A small business owner might find the idea of offering health insurance through his business daunting. It’s not as difficult as it might seem. Here are 5 tips for starting group health insurance for your small business.
Tip #1: You aren’t required to pay the premiums.
So long as you have 50 or fewer employees, you are not required to cover any percentage of the premium. (If you do, what you pay can be written off as a business expense.) But either way, group health insurance for your small business doesn’t have to break the bank.
Even if you don’t pay any of the premiums for your employees, you are still offering them a point of access to health insurance that likely isn’t available to them on the individual and family market.
Most plans at healthcare.gov have gone to tiny networks with few doctors and hospitals. Through your business, you effectively give them and their families a door to better coverage and options.
Tip #2: Save you and your employees money by not paying premiums for benefits that likely won’t be used.
A quick story here: I spoke with a small business owner. He offered a silver plan to his employees. Twelve of them rarely went to the doctor, and two had chronic conditions. He offered the silver plan specifically because he wanted to take care of those two employees. The difficulty was that it was costing him an extra $150 to $200 in premiums per month per employee.
I had a solution that he didn’t know was available. He could offer two plans: a bronze and a buy-up silver option. The healthy employees opted for the bronze, and the ones with medical issues could still get their silver level benefits. He cut premiums across the company and all his employees were happy.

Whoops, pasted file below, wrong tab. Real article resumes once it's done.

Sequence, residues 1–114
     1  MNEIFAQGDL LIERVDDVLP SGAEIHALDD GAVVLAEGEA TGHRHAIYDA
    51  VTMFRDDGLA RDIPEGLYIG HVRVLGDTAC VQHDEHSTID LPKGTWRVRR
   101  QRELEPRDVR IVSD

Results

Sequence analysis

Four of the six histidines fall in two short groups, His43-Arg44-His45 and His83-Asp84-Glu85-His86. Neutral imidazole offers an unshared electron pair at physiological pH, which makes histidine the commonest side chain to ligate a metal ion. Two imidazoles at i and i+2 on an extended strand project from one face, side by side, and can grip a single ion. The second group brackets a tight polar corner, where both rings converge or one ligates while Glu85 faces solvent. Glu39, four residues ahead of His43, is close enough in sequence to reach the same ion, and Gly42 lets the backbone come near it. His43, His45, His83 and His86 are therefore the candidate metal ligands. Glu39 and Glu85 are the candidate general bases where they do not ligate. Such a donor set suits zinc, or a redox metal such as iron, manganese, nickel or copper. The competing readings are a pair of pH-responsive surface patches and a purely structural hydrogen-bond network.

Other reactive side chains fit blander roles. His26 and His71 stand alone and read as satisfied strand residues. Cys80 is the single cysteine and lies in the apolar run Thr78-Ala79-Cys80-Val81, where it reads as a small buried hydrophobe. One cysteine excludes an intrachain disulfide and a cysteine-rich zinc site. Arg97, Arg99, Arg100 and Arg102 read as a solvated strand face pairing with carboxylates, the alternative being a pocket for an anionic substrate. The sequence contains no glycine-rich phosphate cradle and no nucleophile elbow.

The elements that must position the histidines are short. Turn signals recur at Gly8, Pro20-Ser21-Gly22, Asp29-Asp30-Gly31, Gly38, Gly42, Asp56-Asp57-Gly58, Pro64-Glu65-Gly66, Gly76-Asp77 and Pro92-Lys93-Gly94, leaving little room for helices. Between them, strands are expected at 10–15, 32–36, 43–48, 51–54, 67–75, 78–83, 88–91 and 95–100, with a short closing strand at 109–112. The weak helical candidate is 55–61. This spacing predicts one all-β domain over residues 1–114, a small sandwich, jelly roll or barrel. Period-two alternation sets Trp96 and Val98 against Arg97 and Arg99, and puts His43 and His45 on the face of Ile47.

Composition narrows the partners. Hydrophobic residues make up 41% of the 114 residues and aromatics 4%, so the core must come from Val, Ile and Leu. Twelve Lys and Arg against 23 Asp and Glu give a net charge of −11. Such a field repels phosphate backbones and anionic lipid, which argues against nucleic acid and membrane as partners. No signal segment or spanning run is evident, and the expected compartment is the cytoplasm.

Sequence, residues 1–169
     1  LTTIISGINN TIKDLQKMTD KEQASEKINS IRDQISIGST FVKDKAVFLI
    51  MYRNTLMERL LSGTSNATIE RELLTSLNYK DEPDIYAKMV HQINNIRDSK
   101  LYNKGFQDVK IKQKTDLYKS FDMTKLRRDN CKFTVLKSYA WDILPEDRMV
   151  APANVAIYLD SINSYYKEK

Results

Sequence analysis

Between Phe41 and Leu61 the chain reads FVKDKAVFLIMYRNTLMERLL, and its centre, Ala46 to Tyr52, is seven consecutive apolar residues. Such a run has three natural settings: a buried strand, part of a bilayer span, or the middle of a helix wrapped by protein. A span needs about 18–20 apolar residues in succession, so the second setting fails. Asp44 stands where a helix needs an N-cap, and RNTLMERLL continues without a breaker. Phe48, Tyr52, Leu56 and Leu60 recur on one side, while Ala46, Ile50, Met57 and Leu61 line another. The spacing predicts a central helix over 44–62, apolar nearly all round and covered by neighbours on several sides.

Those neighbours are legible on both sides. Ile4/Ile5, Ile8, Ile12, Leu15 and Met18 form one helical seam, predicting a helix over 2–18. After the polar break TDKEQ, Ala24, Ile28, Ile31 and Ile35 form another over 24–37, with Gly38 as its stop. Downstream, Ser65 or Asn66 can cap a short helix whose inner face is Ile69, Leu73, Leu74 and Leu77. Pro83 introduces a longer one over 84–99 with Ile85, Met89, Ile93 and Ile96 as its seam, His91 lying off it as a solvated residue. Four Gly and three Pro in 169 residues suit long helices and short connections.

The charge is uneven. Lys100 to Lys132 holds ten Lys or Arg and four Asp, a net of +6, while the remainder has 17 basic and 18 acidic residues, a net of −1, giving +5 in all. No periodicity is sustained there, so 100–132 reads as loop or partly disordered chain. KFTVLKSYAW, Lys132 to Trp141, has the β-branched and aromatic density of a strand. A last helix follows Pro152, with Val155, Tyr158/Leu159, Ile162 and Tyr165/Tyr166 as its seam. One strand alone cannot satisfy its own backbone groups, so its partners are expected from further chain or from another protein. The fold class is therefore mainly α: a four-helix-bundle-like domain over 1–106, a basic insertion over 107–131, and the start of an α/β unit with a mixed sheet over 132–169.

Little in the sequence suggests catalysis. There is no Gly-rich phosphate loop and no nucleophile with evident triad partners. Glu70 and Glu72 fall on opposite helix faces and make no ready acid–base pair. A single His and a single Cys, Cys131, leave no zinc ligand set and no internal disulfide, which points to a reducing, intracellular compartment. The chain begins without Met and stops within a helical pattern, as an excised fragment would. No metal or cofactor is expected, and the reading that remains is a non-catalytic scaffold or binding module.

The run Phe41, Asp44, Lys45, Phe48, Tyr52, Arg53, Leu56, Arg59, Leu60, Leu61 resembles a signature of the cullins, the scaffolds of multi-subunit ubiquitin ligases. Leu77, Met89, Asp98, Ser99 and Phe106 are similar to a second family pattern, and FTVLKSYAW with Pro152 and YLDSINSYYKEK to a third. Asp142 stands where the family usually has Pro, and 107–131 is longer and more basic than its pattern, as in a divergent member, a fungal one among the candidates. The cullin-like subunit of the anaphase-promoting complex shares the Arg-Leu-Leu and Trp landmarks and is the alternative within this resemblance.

Tip #3: Consider supplemental benefits.
There’s a second half to the story above. The business owner used a fraction of the premium savings to purchase supplemental benefits for his employees. These plans were cheap and would pay out money to the employees for an accident, hospital stay or critical illness.
By adding supplemental benefits, he significantly reduced his employees’ financial exposure to their high deductible bronze plans. You can do this too.
Tip #4: Benefits attract and retain quality employees.
Consider the work of finding and training a quality employee. They’re a huge part of keeping your business running. If they leave for greener pastures, you have to find and train a replacement. That takes time and money and adds to your mental stress. There’s also a lower level of efficiency and customer service as your employee is going through training.
The Center for American Progress conducted a study and found that the average cost of replacing an employee is around 20% of their salary. Even providing supplemental benefits only can retain quality employees.
Tip #5: If your employees are healthy, consider a self-funded health plan.
Self-funded plans divide your premiums into three parts, and one of those is a claims fund. As your employees have medical bills, they are paid for from the claims fund. If the claims fund is depleted, then the insurance company covers the rest of your employee’s medical costs for the year.
However, if the claims fund is not depleted, you might receive half of what’s left after an additional fifteen month wait.
Possibly with that information you might feel cheated, that the insurance company gets half of the claims fund – but keep in mind that with traditional health insurance, the premiums are never refunded.
A self-funded plan requires patience and can be a good fit for long-term planners and healthy groups.
If you want to talk to an agent about group health insurance for your small business, feel free to email or call. If you found this page helpful and want to pass it to your employer, we’d be happy to talk with them.